Imagine you are walking in the parking lot of a big-box store, planning to go inside for a quick stop at an ATM to get cash for an out-of-town trip. You suddenly notice a frantic scene with dozens of people crying and screaming. It appears that many have been shot. There’s a lot of blood. Some victims are lying on the ground in pain while others who are injured stand in stunned silence. You want to help, but the only possible medical aid you see is a shopping cart full of toilet paper and paper napkins. It’s all you have to work with.
This is the scene that El Paso resident Cynthia Loya found the day she went to an El Paso Wal-Mart on Aug. 3, 2019, when 23 people were killed and dozens more injured in one of the nation’s worst mass shootings on record.
But Cyndy had something else to help her deal with the horrible scene. She had the benefit of being trained by El Paso’s premiere Emergency Medical Services program – ProAction Emergency Services Institute.
“The shooting had ended just four minutes before I walked up to the front of the store,” she said. “It was too soon for any Emergency Medical Services teams to get to the scene. But everything just kicked in and I knew what I had to do.”
She had noticed the shopping card filled with toilet paper and paper napkins that she thought might be used to stop some of the bleeding..
“My instinct was immediately to try to manage the situation and create a make-shift triage where the table was,” she said.
Some of the injured were able to walk while others were still laying on the ground. She remembered that there were “good Samaritans” who brought over bedding where she and others were able to comfort more of the wounded. They were able to use platform carts from an adjoining Sam’s Club store to transport some of the wounded to the emergency vehicles and ambulances.
“I tried not to focus on the evil that had happened and to manage the situation with the training I had received (from ProAction),” she recalled. “I had to stop the bleeding. I applied the toilet paper or napkins to the wounds using my bare hands to apply pressure and stop the bleeding. Of course, I had no protective gloves, which goes against all of the rules. But I had no other choice.”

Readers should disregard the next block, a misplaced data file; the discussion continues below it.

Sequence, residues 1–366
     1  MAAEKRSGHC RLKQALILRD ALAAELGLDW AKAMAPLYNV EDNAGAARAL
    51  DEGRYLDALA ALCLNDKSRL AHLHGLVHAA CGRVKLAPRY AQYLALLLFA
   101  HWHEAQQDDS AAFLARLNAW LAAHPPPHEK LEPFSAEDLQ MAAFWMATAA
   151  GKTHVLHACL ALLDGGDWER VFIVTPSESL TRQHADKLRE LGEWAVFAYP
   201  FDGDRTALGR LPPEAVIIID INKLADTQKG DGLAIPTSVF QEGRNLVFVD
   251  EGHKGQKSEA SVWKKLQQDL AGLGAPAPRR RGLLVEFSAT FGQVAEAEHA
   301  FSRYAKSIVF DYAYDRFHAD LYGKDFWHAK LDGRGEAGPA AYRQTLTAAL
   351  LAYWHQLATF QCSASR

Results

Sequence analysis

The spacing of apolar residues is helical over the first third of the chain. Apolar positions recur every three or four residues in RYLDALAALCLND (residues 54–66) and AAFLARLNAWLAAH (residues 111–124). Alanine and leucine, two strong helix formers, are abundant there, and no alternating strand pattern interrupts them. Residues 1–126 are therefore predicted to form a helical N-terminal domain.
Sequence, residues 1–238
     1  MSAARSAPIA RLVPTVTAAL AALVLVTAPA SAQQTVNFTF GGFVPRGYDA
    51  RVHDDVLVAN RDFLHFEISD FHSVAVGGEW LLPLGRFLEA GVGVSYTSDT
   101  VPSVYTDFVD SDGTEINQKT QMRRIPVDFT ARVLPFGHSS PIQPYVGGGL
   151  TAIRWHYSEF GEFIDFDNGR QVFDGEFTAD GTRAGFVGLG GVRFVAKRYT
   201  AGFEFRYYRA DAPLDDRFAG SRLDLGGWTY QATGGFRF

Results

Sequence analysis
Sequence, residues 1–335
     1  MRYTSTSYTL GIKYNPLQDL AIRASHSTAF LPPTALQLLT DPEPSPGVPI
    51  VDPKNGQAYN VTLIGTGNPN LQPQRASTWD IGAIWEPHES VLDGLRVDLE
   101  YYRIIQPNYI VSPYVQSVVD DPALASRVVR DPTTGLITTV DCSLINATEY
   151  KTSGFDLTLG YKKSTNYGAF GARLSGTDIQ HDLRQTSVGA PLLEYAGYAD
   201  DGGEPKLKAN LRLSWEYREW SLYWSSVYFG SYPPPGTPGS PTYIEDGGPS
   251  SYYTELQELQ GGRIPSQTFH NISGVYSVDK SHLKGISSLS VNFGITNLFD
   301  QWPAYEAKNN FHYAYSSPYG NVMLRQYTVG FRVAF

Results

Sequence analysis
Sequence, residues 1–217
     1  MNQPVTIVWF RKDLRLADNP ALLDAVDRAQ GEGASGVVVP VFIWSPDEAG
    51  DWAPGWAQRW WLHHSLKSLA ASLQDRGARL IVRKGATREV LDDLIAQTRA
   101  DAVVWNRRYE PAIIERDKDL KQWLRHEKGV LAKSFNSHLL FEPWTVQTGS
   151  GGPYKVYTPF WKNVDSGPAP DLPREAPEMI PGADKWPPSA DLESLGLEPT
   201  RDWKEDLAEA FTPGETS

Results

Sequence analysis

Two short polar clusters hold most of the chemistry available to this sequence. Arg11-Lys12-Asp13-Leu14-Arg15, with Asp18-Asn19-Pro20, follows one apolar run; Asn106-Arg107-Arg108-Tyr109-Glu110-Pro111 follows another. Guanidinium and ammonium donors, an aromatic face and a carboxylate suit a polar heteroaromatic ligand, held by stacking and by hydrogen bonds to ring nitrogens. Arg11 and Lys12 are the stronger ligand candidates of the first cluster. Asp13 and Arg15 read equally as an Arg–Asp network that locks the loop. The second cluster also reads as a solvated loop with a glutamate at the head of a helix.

Cyndy believes she treated about 10 people that horrible day.
“All of them except for one made it,” she said with a note of sadness in her voice.
Cyndy had gone through training at ProAction 14 years ago, receiving her EMT Basic Certification. She said what prompted her to get her EMT training was an experience with her newborn daughter.
“My daughter was really sick one day and she had to be transported to the hospital in an ambulance,” she remembered.
En route, she was impressed by the care her daughter was receiving from an EMT in the ambulance.
“I asked her about her experience and how she liked her career,” she recalled. “I thought it was something that I would like because it was something very positive and it fit my schedule.”
She picked ProAction after doing research on programs offering EMT training in the El Paso area.
“I wanted to do this quickly and ProAction was clearly the way to go,” she said.
During her training, Cyndy came to appreciate the fact that she was surrounded by dedicated professionals.
“You are surrounded by professional paramedics with so much experience that it would take you weeks for them to share all their knowledge,” she said. “I realized what I was gaining was a whole world of knowledge, not just a certification. They truly want you to succeed.”
After receiving her EMT certification, Cyndy went on to work at ProAction in training new EMT candidates. She moved to San Antonio, TX, where she worked as an EMT with an ambulance company. She returned to El Paso six years ago and now works in the environmental health and safety industry.
“I’ve been a health and safety professional in general industry, construction, aviation, and now Aerospace, she said. I think it’s important to mention that as that my EMT training (from ProAction) has helped me with opening doors to my safety career as well. “
She said her current work is an aerospace safety specialist with a prominent aerospace company. The work combines the knowledge she gained at ProAction to treat injuries along with a focus on preventing them.
She still holds her EMT certificate and just renewed it for another three years.
As far as her actions that day at the Wal-Mart, Cyndy says ProAction could not have prepared her any better.
“I think the combination of empathy – which all of my instructors drove in constantly – and a desire to help in difficult situations where what mattered,” she said. “My instructors hammered home that if you don’t have empathy in this job, you’re in the wrong field. It was that and a combination of having love for your community and its people that drives someone to do what I did that day.”
For those impacted by the August 3rd tragedy, assistance is available at the El Paso United Family Resiliency Center.